(BlueQuartz Software, Springboro, OH), which generates multiphase microstructures via an ellipsoid packing scheme. The parameters specified were phase fraction and the first and second moments of the log-normal particle size distribution, which were chosen to match as closely as possible the measured vales for each phase in the anode microstructure. Forty distinct microstructures of

were first generated, and they were then split into octants to produce 320 subvolumes of ( voxels).

2.3 GAN Implementation

Convolutional neural networks (CNNs) are a class of artificial neural networks particularly well-suited to image data and computer vision applications


. In its forward mode, a CNN takes in an image and applies a series of signal processing steps (typically filter convolutions, rectification operations, and pooling or downsampling) in order to generate a compact representation of the visual information contained in the image, termed the feature vector. The feature vector can then be used for a variety of image processing tasks, including visual similarity and classification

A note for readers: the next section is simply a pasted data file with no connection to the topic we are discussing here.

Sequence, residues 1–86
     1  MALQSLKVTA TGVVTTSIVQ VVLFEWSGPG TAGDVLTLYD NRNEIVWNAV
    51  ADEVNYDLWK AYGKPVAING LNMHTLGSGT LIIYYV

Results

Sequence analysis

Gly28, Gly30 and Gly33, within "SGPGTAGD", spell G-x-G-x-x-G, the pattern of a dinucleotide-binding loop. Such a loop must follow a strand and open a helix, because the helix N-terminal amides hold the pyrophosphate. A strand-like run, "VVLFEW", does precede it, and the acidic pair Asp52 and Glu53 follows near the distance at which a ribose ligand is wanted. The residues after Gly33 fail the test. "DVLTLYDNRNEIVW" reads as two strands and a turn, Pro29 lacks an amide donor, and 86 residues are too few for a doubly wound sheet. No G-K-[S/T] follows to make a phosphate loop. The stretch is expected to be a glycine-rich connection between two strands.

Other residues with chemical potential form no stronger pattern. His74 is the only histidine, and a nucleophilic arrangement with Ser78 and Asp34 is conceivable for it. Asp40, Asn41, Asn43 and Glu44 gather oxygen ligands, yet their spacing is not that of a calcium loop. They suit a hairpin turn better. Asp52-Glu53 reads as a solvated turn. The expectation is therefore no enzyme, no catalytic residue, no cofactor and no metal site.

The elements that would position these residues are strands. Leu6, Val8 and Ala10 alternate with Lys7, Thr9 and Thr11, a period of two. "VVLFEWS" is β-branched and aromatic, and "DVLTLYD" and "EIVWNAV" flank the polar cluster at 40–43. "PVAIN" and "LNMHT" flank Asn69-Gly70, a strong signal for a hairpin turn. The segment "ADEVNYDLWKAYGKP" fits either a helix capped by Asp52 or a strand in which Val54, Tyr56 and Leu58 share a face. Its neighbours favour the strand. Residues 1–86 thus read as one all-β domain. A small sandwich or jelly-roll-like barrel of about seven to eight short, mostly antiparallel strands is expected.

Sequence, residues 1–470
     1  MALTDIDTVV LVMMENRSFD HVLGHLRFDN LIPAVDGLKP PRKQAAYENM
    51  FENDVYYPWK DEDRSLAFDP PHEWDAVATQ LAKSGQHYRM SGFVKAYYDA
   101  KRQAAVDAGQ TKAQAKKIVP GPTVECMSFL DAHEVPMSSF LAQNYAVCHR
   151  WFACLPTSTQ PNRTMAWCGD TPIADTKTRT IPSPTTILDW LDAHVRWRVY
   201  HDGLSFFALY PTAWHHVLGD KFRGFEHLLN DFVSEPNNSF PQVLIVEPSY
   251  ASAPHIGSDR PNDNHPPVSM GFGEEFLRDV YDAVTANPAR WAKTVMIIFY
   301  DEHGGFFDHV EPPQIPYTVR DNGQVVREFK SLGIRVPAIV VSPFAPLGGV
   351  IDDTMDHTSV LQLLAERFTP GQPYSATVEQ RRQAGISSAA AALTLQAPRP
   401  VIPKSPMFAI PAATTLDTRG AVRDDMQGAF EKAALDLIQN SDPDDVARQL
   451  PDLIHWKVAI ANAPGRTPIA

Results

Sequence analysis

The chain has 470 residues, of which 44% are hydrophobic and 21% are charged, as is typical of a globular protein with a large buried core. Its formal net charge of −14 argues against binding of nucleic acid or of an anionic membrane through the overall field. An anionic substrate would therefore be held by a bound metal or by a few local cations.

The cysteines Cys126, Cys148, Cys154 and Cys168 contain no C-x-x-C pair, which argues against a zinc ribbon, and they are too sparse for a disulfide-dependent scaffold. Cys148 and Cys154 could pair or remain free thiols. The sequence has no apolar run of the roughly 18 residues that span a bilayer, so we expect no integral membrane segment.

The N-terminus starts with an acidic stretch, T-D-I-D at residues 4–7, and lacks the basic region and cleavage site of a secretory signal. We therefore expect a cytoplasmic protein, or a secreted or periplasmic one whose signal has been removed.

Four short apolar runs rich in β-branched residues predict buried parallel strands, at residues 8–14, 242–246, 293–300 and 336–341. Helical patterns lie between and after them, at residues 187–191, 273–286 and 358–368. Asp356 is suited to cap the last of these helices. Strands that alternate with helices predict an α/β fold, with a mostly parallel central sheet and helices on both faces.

[decost2017manifold]. The architecture of the CNN, including the type, number, order, and connectivity of the operations, is user-defined, and the training process attempts to optimize the many internal variables for best performance.

CNNs can also operate in reverse, taking in a feature vector and transforming it into an image; this is the same basic concept as an auto-encoder [kingma2014adam]. As shown in Figure 2

, a generative adversarial network (GAN) pits two CNNs against each other: The generator, in reverse mode, creates candidate images, which the discriminator (or critic), in forward mode, attempts to classify as generated/fake. The discriminator is trained to recognize real images (in our case, original microstructures). Both networks participate in a feedback loop, so the generator learns to make more convincing fakes, and the discriminator learns to spot them. When the generator creates images of sufficient quality to consistently fool the discriminator, training is complete and the GAN may be used to generate realistic synthetic images


We implemented the GAN model using the Tensorflow platform


with the Keras API (

https://keras.io/). The model architecture, given in Table 1, largely follows the work by Miyato et al. [miyato2018spectral] on spectral normalization and is specifically based on their standard architecture. However, for the generator, we used upsampling and convolutional layers, rather than standard deconvolutional (transposed convolution) layers, to avoid potential checkerboard artifacts [odena2016deconvolution]. We used a public code repository at https://github.com/IShengFang/SpectralNormalizationKeras to implement spectral normalization applied to convolutional and dense layers in the critic network. The Adam optimizer [kingma2014adam]

was used for training the model. Relevant hyperparameters are shown in Table